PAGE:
Latest News:  
Beijing   Cloudy/Overcast    24 / 15   City Forecast

Home>>Opinion

Legal changes clarify existing law, reduce abuse

(Global Times)

08:41, September 05, 2011

The draft amendment to China's Criminal Procedure Law is under public review. As a major issue in China's legal reform, the change naturally drew attention from the public and China observers.

Under the context that official abuse of power, especially from law enforcement departments, has caused rising public dissatisfaction, it is the aim of the amendment to deal with such abuse.

One article of the amendment is interpreted as both progress and regression in China's legal system, depending on how you look at the issue.

The amendment stipulates "under special conditions, suspects can be held under surveillance without their families being notified within 24 hours." The special conditions include: notification being impossible, crimes concerning national security, severe law violation involving terrorism activity and if notification may hinder an investigation.

These special conditions have triggered outcry that it leaves room for secret detention, and has caused concern in media outlets, such as the New York Times, that "more Chinese dissidents appear to disappear."

But if one reads it from another perspective, the article has actually been written into the Criminal Procedure Law for 32-years, and the amendment is trying to clarify the special conditions and limit the circumstances of detention without proper notification of the family.

Law articles can't be black and white. There are cases that have to be decided differently. For example, the detention of a corrupt official may conform to the special conditions of withholding information in order to prevent the fleeing of others involved. Conspirators may be kept from communicating when nabbing a terrorist network.

There are worries of overuse or improper use of these special conditions. These are legitimate concerns. But the way to prevent misuse is through further improvement and clarification, not by completely denying it. With the legal consciousness of the public on the rise, plus scorching media scrutiny, law enforcement procedures are under mounting pressures that force police to reduce abuses of power.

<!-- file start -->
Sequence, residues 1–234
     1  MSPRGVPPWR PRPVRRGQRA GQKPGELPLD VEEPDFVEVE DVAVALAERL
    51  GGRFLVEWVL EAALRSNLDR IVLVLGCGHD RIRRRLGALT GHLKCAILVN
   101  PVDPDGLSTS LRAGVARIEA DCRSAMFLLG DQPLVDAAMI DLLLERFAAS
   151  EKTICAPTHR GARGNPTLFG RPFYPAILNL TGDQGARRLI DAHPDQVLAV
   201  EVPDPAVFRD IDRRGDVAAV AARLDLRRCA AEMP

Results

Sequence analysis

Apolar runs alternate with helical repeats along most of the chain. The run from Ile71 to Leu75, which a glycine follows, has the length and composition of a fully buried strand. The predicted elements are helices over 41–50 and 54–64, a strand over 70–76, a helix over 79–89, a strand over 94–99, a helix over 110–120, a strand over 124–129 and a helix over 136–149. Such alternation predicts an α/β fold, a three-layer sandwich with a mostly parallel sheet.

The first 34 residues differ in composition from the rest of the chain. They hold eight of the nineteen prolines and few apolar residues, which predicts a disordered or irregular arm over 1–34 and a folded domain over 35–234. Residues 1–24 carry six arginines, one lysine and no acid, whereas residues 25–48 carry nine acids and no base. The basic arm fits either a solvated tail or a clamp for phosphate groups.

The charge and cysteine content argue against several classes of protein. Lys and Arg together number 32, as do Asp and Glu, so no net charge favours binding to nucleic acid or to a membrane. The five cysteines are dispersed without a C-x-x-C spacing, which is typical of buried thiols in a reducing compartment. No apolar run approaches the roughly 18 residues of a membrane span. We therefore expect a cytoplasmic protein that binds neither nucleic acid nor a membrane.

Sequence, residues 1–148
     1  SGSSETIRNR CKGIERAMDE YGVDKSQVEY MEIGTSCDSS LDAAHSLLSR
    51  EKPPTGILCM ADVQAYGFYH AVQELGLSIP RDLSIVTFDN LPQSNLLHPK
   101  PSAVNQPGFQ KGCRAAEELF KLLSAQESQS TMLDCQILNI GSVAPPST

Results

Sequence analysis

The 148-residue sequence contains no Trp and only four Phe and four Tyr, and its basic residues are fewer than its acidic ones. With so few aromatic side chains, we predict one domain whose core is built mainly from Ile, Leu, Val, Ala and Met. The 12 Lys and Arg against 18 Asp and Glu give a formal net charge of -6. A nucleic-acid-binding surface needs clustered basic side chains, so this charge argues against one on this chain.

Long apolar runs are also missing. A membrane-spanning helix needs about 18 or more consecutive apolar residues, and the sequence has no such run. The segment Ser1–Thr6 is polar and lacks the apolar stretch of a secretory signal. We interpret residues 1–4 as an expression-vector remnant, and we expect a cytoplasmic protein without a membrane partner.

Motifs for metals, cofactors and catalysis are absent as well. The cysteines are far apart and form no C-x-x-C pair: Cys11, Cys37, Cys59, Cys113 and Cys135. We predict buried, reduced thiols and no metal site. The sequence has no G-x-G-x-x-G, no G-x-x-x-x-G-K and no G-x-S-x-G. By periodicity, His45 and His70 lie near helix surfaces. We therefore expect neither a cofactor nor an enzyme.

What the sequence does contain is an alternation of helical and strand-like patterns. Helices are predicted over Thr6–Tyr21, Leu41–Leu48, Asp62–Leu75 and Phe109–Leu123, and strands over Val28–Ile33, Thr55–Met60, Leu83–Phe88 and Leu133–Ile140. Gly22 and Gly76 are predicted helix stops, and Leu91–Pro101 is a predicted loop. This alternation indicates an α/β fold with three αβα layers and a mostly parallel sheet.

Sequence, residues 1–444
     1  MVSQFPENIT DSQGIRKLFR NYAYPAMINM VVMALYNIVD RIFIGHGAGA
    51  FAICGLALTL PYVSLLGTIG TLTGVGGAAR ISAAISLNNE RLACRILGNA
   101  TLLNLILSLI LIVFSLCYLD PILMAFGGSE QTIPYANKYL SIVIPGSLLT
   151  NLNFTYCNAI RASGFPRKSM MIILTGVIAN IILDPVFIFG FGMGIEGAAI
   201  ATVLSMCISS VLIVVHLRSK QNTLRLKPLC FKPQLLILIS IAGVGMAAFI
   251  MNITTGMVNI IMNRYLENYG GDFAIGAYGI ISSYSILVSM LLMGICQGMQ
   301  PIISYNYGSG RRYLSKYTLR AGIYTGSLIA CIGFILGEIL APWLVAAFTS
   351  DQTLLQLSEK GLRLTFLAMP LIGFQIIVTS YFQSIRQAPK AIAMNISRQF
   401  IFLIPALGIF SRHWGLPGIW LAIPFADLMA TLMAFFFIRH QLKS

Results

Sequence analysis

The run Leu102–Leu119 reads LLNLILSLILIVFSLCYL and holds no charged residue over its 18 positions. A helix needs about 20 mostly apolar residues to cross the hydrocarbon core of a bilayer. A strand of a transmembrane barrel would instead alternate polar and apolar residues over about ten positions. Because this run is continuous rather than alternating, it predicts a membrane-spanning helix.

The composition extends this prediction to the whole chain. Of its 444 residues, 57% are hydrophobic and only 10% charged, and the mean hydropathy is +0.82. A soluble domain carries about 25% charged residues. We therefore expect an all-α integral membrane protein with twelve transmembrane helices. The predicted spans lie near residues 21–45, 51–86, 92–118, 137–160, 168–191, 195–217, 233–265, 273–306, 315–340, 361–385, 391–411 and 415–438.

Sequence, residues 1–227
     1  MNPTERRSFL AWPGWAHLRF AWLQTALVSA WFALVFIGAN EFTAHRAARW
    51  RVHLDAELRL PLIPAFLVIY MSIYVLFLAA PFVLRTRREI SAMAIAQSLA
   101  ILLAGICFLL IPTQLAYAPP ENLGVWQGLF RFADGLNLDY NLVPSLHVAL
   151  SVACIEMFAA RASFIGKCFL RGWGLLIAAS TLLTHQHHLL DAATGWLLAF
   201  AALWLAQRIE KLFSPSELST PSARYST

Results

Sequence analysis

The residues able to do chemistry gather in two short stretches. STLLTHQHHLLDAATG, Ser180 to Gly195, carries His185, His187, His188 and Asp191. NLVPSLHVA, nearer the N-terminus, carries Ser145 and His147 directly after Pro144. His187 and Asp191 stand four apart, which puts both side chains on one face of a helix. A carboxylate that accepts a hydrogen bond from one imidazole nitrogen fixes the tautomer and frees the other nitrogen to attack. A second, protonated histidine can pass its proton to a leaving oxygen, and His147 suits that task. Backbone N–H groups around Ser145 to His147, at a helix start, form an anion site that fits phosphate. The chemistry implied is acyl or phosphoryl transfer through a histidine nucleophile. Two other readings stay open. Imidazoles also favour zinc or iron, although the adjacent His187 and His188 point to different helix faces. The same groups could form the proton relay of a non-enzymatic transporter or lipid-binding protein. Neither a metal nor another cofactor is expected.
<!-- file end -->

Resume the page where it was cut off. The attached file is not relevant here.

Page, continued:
China's legal system has much to improve, but the country is also not under the dark days of the Middle Ages. Law is meant to protect the majority of people, not only a few who speak loudly.

Email|Print|Comments(Editor:张茜)

Leave your comment0 comments

  1. Name

  

Selections for you


  1. A Mid-Autumn reunion in prison

  2. Scene of Sino-Russian border river emergency drill

  3. Egrets fight for food in Xinkai River estuary in Qinhuangdao

  4. Fine Art Asia 2011 to be held in HK

Most Popular

Opinions

  1. Springtime for Libya?
  2. China firmly opposes US sales of F-16s to Taiwan
  3. Mastering the art of public speaking
  4. Arms traders fumbled contact with Gaddafi
  5. More effort needed to "go global"
  6. Cross-border RMB settlement developing rapidly
  7. Chinese FDI wrongly seen as harbinger of doom
  8. The unlearnt lessons of 9/11 today
  9. Opinion: China's economy has landed, safely
  10. Success in Libya cannot pull Europe out of crisis

What's happening in China

Ex-leader's new book already a hot seller

  1. Huaxi Village completes controversial skyscraper
  2. New insurance law covers foreign employees
  3. Volunteers help Tibetan antelope hit the road
  4. All 12 trapped miners confirmed dead
  5. School stole teachers' identities

PD Online Data

  1. Water-Splashing Festival of Dai
  2. The Uyghur Muqam of Xinjiang
  3. Traditional Folk Long Song
  4. The Guqin and its Music
  5. Grand Songs of Dong